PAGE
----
After working with gray whales both off the Oregon coast and in Baja California, and finishing my degree, I was ready to move on to my graduate work. But there was one thing I wanted to do first; I wanted to travel to gain some experience in a country that didn't speak English and wasn't Western. I knew I wanted to study communication. I knew I needed skill sets perhaps beyond scientific training. Luckily at that time my sister decided to buy my half of our family house. It was a small and modest amount, but the money she sent as a deposit allowed me to stash away half for graduate school and half for a three-month trip to Asia. I departed with a backpack, no credit cards, and an awful lot of luck. I traveled to China, Nepal, and India, learning much about nonverbal communication and the universals of cross-cultural experiences. On the way I stopped in Japan to visit my colleague Masahara Nishiwaki, whom I had met in my sailing days onboard Regina Maris. The insight gained from these non-Western human cultural interactions, their similarities and differences, was invaluable. We really need so little when we travel (beyond clothes and shampoo) and we can communicate through body language and laughter quite often when language fails. I arrived safely back in the United States, now ready to give my life to my future graduate work and what I hoped to be my future career studying dolphin communication.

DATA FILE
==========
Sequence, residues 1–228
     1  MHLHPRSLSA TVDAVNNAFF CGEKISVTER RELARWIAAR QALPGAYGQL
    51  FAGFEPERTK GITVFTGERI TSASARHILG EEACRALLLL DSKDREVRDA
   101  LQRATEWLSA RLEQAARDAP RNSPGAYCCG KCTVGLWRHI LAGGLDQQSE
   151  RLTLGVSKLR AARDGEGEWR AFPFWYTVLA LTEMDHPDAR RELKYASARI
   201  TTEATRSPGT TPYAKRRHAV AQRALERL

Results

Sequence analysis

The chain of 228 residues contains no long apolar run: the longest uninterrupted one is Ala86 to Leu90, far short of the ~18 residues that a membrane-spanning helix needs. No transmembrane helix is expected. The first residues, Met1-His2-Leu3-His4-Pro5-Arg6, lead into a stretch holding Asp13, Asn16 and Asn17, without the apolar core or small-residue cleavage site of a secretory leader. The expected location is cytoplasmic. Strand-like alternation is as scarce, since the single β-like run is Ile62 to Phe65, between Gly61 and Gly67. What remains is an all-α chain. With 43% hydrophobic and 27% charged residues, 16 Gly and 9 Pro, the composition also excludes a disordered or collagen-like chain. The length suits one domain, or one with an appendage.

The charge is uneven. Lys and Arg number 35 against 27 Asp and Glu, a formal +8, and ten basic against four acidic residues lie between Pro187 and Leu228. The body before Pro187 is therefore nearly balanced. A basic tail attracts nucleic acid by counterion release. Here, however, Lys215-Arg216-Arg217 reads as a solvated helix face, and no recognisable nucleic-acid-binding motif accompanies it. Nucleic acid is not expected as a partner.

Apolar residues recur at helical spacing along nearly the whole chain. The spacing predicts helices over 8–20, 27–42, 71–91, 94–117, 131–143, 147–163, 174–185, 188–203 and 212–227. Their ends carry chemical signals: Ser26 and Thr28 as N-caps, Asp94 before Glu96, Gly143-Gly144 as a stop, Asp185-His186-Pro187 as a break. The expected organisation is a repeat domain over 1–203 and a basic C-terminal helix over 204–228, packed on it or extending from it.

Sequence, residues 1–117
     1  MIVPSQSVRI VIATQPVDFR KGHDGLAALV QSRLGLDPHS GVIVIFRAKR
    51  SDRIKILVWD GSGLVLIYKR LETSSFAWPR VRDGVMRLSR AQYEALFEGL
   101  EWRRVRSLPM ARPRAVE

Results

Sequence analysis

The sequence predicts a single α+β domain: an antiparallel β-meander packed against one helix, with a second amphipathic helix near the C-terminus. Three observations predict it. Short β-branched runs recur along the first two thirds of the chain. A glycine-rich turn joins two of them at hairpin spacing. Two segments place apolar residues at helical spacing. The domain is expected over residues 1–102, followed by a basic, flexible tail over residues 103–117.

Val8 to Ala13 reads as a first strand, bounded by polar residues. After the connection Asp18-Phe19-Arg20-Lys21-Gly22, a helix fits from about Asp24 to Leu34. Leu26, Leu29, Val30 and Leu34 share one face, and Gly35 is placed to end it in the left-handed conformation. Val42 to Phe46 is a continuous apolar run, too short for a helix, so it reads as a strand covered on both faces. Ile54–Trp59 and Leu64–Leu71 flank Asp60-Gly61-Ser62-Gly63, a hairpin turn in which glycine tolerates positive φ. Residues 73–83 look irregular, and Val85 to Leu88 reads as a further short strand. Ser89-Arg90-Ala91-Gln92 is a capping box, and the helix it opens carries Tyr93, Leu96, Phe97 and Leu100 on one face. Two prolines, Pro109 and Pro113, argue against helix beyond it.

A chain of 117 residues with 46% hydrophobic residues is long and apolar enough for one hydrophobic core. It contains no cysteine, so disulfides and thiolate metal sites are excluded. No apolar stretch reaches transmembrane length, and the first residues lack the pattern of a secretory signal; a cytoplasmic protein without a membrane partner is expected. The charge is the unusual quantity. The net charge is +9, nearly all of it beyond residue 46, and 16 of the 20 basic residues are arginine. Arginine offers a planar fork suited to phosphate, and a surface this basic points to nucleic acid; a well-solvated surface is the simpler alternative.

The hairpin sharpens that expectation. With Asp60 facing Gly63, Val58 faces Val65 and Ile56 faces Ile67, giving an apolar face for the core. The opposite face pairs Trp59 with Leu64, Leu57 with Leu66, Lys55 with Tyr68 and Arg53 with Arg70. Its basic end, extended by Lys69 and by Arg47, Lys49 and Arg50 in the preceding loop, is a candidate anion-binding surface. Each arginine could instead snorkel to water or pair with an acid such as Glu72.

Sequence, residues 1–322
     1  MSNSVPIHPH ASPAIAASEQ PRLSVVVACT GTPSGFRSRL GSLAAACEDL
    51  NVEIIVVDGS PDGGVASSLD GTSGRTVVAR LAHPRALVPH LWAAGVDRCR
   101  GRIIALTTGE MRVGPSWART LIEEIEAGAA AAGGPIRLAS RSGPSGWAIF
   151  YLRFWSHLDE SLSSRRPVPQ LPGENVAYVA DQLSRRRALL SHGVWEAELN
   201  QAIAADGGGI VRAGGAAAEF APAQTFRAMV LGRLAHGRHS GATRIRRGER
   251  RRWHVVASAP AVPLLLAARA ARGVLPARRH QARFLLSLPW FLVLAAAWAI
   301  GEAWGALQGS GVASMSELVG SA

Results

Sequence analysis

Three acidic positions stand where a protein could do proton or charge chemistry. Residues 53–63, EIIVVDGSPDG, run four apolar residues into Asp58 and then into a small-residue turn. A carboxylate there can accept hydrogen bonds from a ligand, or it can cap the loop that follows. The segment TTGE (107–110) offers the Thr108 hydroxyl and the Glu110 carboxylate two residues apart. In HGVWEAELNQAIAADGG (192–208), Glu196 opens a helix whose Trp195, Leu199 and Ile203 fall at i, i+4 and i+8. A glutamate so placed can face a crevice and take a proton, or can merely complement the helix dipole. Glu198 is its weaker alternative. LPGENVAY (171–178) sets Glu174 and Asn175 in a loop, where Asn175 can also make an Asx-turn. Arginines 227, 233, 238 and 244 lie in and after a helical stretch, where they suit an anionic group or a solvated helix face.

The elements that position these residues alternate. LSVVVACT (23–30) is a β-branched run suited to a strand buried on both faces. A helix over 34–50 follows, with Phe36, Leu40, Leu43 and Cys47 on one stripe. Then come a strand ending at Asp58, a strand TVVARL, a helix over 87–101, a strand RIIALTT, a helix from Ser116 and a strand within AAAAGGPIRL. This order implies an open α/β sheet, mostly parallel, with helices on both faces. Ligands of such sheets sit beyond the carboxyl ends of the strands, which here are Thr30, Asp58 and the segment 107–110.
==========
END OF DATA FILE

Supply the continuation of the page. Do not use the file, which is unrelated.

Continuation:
At this point in my life I was familiar with the work of three researchers studying dolphin communication. Louis Herman in Hawaii was famous for his cognitive and experimental work. Diana Reiss at San Francisco State University was studying dolphin communication in captivity. And John Lilly, a controversial scientist (but likely a visionary before his time), was exploring two-way communication. So I struck out to the San Francisco Bay Area. I had eliminated the idea of studying in Hawaii since Herman's work was experimental and not really focused on the communication aspects I was interested in. I arrived in the Bay Area and immediately went down to MarineWorld Africa USA where both John Lilly and Diana Reiss had their labs.